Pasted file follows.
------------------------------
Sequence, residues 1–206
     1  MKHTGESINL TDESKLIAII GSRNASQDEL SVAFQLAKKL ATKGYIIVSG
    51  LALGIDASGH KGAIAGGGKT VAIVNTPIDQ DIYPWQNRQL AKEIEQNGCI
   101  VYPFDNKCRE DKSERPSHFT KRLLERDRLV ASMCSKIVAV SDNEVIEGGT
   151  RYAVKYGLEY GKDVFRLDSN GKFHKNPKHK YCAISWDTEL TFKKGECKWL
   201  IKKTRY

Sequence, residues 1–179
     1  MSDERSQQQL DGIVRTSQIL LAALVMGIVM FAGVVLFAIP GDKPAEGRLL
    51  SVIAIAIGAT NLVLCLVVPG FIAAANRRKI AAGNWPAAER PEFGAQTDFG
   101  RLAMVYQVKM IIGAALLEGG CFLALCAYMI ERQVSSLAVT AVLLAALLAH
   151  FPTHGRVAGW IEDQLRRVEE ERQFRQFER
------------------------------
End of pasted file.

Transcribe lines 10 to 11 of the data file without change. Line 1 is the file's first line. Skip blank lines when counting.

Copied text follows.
   101  RLAMVYQVKM IIGAALLEGG CFLALCAYMI ERQVSSLAVT AVLLAALLAH
   151  FPTHGRVAGW IEDQLRRVEE ERQFRQFER